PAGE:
• I think this album was the result of them trying to strike a balance between mainstream material and what they truly wanted to record. Unfortunately, it ended in a lukewarm final product with a lot of the songs sounding like leftovers from Gwen’s solo projects. They could either go totally mainstream (a la Maroon 5’s “Overexposed”) or just do their own thing. It’s hard to please everyone.

  3. Simon

    This article pretty much sums up my feelings about this situation since the new album was released. Something, or a number of things, went really wrong during the writing and recording of this record as well. I know ND are concerned with making “hits”, but I have been wondering lately what the band could/would make music wise if they went more of an indie route. I think they could have more creative direction over their music this way. What is most disappointing about this whole fiasco is that I know this band knows what good music is, whatever genre they are trying to do. Here’s to hoping they get creative, work with interesting and lesser know producers, and really find their groove with each other again. Maybe this process has been an eye opener for them.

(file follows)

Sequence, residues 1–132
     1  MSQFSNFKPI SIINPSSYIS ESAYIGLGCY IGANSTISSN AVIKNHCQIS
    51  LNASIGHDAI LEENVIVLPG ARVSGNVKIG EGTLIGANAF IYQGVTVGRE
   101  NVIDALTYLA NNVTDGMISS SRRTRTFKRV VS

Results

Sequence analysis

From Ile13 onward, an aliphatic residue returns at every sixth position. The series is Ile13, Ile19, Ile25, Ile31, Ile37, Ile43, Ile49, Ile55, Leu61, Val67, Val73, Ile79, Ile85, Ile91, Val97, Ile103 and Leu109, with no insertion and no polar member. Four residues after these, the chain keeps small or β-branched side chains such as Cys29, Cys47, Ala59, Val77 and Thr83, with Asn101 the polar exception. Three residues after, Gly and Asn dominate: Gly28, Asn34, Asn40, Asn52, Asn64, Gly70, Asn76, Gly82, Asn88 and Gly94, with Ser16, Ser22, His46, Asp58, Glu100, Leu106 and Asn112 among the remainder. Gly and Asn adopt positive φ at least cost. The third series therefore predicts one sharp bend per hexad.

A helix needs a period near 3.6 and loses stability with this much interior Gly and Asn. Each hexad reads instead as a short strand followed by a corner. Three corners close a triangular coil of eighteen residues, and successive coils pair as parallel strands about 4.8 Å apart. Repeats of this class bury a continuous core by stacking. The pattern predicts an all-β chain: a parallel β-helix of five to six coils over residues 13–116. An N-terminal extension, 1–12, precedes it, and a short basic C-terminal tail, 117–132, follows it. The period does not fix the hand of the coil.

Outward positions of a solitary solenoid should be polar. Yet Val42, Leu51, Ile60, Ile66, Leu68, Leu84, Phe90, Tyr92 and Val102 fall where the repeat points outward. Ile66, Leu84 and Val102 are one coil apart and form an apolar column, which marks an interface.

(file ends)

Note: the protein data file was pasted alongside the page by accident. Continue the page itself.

• I’m sure it’s been a bit of a wake up call for both them and the label. It seems like the band has found its groove again onstage, but not in the studio. It’s also worrisome that they thought “One More Summer” could be the big hit off the album. It’s a decent song, but not a radio hit.

  4. Mat